The warm summer months are an ideal time of the year for many things: swimming, barbecues and most certainly, road trips.
We as humans are eager for mobility. Even as infants, we yearn to be able to walk around with our older siblings, but it takes some time for mammals to get their land legs. It’s important to understand it’s in our blood and we MUST travel.
Author Erol Ozan says it best: “some beautiful paths can’t be discovered without getting lost.”
It’s necessary to get lost at times, but you must make sure to follow a few rules of the road while traveling this summer.
The main concern for everyone should be safety. According to a 2013 study by the Insurance Institute for Highway Safety, June-September are the most deadly months of the year, with August topping the charts. The main reason for this is the sheer number of drivers on the road, especially with school out (sorry kiddos) and more people on vacation.
CAUSES FOR TROUBLE
A big problem is the temperature. According to cartalk.com, “tire pressure will go up approximately one pound for every 10 degrees Fahrenheit,” and the heat can do a number on your tires. Hot weather causes the air inside your tires to expand, which can lead to a blowout in well-worn wheels. Check your tires on a regular basis during the summer months, especially during heat waves, by doing the classic “penny method” test.
Under-inflated tires are most at risk. The lack of air pressure puts the tires’ components under increased strain; but over-inflated ones are more likely to hydroplane in a summer rainstorm. An even balance must be maintained.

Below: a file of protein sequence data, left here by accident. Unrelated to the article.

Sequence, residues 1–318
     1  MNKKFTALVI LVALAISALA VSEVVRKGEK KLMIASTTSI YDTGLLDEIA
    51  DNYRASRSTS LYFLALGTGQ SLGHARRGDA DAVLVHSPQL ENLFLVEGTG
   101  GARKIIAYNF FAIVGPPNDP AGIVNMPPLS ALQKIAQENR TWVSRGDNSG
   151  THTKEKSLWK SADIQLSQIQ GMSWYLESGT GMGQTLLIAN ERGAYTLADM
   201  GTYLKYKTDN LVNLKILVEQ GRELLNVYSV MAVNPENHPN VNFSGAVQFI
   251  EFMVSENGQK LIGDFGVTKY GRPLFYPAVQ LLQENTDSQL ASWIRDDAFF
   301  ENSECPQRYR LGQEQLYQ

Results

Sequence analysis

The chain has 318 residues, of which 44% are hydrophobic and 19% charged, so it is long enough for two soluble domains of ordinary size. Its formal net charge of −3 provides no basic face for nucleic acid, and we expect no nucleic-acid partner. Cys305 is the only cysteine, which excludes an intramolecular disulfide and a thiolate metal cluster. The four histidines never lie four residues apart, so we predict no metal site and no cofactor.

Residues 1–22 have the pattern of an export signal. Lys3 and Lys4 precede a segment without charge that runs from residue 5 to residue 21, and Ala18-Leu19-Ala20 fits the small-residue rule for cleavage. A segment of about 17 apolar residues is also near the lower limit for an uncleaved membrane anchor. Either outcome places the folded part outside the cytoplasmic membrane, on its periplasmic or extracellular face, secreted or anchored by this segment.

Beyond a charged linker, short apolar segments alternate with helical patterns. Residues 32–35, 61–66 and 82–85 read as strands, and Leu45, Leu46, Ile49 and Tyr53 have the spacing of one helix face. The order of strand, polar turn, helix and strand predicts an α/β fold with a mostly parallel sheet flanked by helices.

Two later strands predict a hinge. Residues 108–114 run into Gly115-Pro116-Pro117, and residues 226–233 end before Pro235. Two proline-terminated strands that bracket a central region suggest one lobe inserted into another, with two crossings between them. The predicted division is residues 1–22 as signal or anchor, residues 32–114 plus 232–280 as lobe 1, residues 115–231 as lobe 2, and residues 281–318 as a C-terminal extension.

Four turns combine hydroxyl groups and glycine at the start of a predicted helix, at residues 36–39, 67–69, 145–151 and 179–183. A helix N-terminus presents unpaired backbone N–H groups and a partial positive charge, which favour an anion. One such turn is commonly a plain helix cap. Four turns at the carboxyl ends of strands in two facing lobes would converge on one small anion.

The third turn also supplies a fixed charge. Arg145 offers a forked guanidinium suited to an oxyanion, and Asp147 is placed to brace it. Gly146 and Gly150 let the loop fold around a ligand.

Another big problem is operator malfunctions. The AA reminds us to take certain precautions such as taking multiple frequent stops, being hydrated and avoiding heavy meals and alcohol while operating a motor vehicle. Another tried and true method is to play loud music or blast the air conditioner, the cold air should shutter you back awake from your driver comatose.
Vision is another cause for accidents. Dirty windows, sun glare and overly-darkened sunglasses can affect your ability to see the lines on the road. Cleaning your windshield while pumping gas will only take you five minutes and it may be the difference between smooth sailing and jackknifing.
A NEW HOPE
The stakes are high, but this summer has a lot of good sides to it. The number one plus is gas prices.
According to an April article by fortune.com, a single gallon of gasoline will cost an average of $2.45 between the Easter month and September and this year’s prices were at an all-time low since 2009. The affordable gas will most certainly result in more people on the road. The wild card in this situation will be California, which operates almost as a separate gasoline market from the rest of the country.
Oil now sells for about half of what it did early last summer and American drivers continue to pay more than $1 per gallon less than they did a year ago. This will cause more people to be on the road, but if people are cautious and take the necessary steps, then every person’s road-trip will seem like a Sunday afternoon cruise down Route 66.